What Does a Liberal Government Mean for Your Professional Corporation?
A new federal government took the reins on October 19th with promises to “strengthen the middle class”. On December 7, 2015 the Finance Minister tabled a Notice of Ways and Means Motion (NWMM) which was consistent with the Liberal electoral platform. Starting January 1, 2016, the tax rate on income between $45,282 and $90,563 will be reduced to 20.5% from 22% and a new tax rate will be added on income over $200,000 which will increase the top rate to 33% from 29%. For Ontarians, the combined top personal tax rate will be a whopping 53.53%.
For corporations, the NWMM increased the corporate refundable taxes on investment income, which for Ontario corporations, will increase the tax rate on investment income to 50.17% from 46.17%. In addition, the refundable taxes payable on portfolio dividends has increased to 38 1/3% from 33 1/3%. Both of these increases are to refundable taxes, so although they don’t affect the total tax cost of earning investment income in a corporation, they reduce the benefit of tax deferral.
But what about the other corporate measures that the Liberals discussed? The Liberal government raised concerns that a large percentage of small corporations are actually just a way for wealthy Canadians to save on their taxes. Although they support the decrease of 2% in the small business tax rate over the next four years they want to make sure it’s done “the right way”. When they released their plan on September 26 they said the following:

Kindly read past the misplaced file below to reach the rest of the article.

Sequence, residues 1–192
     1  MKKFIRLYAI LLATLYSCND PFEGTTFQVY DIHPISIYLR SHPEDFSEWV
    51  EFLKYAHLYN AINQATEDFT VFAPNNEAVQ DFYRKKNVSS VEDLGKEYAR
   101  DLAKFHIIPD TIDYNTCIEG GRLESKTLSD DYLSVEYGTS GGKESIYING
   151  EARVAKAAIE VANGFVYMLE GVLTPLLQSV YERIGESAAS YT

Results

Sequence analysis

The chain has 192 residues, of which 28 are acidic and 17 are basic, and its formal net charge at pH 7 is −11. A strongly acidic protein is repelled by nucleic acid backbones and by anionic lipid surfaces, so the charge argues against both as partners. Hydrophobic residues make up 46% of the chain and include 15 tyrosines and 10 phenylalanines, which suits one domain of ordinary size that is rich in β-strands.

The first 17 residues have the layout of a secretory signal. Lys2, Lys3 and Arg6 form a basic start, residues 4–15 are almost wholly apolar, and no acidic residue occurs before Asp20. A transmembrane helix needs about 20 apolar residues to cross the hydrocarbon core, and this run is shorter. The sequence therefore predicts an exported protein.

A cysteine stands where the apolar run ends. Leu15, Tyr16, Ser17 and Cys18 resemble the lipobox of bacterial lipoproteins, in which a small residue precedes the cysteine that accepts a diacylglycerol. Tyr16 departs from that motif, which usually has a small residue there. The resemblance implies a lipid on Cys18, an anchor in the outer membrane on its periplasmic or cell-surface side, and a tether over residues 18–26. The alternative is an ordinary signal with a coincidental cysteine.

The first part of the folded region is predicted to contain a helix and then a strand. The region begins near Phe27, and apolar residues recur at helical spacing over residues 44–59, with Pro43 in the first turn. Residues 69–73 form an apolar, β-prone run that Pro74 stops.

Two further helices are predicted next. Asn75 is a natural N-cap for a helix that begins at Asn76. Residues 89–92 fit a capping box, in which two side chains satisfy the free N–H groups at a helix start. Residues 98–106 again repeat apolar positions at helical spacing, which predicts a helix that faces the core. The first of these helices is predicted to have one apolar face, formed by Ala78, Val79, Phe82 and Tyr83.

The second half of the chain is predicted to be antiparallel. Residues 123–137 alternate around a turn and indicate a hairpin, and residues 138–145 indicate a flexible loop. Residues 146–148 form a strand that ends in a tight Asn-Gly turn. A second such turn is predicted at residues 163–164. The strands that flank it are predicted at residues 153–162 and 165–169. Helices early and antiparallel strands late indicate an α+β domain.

“As we reduce the small business tax rate to 9 percent from 11 percent, we will ensure that Canadian-Controlled Private Corporation (CCPC) status is not used to reduce personal income tax obligations for high-income earners rather than supporting small businesses. Michael Wolfson from the University of Ottawa estimates that approximately $500 million per year is lost, particularly as high-income individuals use CCPC status as an income splitting tool.”
For greater certainly, a professional corporation is a CCPC. The two greatest benefits of a professional corporation for doctors and dentists are income splitting with family members and utilizing small business tax rates to defer tax. While nothing has been stated as to how they would enact such a change, a recent Quebec budget gives us some idea. Their budget requires private corporations to employ a minimum of three full-time employees or be in the primary or manufacturing sectors in order to qualify for a reduced small business rate of tax. Many professional corporations would not qualify under these new requirements and therefore would not be eligible for the small business tax rate. Although it would not completely eliminate the tax-deferral advantage, it would certainly reduce it.
Whether or not these tax-related promises come to fruition or how they will be enacted has yet to be determined. Details of any formally proposed tax changes would be made available as part of the Liberals’ first federal budget which is expected in early 2016. Once the government formally announces their intended tax changes, your DJB advisor will be available to ensure the most tax-efficient structure is in place for you.